Technicolor and tights. In the days of King Henry IV, stalwart young Myles of Crisby Dale, and his sister Meg, have been raised as peasants, without any knowledge of their father's true ...
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Technicolor and tights. In the days of King Henry IV, stalwart young Myles of Crisby Dale, and his sister Meg, have been raised as peasants, without any knowledge of their father's true identity. They are sent Mackworth Castle by their foster father with a letter to Lord Mackworth, urging him to take in Myles and Meg as wards. There, Myles is smitten with Mackworth's daughter, Lady Anne, incurs the enmity of the chief knight-in-training, and is assigned by Lord Mackworth to train for knighthood, himself so that he may claim his birthright and assist Mackworth and the stalwart Prince Hal in defeating the evil Duke of Alban, who plots to usurp King Henry's throne. Written by
Contrary to the other entry, this film was shot in anamorphic CinemaScope. They simultaneously shot it flat for standard widescreen presentation in theatres not yet equipped for 'Scope. See more »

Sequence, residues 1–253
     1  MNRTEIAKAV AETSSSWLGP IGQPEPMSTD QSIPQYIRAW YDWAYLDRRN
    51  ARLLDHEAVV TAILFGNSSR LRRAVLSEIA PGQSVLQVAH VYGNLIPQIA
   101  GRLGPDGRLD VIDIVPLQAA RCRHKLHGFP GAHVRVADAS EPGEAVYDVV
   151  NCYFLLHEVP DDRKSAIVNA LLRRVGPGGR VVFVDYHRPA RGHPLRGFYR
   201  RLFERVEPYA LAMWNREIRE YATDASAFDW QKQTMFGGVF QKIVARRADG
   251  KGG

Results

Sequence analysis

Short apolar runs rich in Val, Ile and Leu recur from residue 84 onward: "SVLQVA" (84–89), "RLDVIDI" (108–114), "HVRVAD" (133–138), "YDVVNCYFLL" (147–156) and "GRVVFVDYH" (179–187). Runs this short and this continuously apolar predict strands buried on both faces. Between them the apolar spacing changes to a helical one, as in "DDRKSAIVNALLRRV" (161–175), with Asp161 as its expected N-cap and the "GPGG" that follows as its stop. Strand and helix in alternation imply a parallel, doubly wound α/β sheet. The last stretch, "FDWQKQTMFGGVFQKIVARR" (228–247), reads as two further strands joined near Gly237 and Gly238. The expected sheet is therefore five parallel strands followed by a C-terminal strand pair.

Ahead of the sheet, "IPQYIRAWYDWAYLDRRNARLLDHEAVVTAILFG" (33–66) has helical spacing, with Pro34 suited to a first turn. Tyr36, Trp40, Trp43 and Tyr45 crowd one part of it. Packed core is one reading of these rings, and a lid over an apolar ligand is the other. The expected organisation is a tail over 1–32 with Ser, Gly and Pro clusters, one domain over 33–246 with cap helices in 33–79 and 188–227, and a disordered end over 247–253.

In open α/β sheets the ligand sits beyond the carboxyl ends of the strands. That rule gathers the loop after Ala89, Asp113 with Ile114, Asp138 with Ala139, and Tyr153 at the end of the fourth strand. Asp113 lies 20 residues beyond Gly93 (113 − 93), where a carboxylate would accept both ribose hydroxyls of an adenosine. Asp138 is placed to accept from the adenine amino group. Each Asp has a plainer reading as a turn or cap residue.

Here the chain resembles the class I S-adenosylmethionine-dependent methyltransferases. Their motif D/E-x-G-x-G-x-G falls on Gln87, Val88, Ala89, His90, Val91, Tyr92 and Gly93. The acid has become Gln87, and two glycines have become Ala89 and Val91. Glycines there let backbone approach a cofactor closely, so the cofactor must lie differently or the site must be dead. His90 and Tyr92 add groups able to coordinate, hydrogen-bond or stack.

The dresses worn by Lady Anne and Meg are 1950s designs (featuring bras and bust shelf features), not Mediaeval ones. See more »
[after holding a stone in his outstretched arm for a long length of time]
My arm feels as if it shall fall off.
That's alright, you'll be allowed to use the other.
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Instead of trying to portray real historical events, Hollywood instead opts for a fictitious story set in the England of Henry IV. Nothing wrong with that, of course. Unusually for Hollywood, they actually make an effort to get things right historically, and broadswords are used as broadswords and not as rapiers. The weaponry and military techniques are pretty OK for a Hollywood film, and are, on the whole, accurate.
The fight sequences are very exciting and, along with the training methods, are probably the best bits of the film.
As to Tony Curtis's accent. Well, we have in Geoffrey Chaucer an authentic idea of what the English language in London was like in the early 15th century. It is ridiculous to write the script in Chaucerian English - not if you want to fill the cinemas, at any rate. Compare Tony Curtis in Black Shield with Olivier in Henry V. Is Olivier's accent any more correct or authentic? This is not the deepest film ever made, but there is plenty to enjoy about it.
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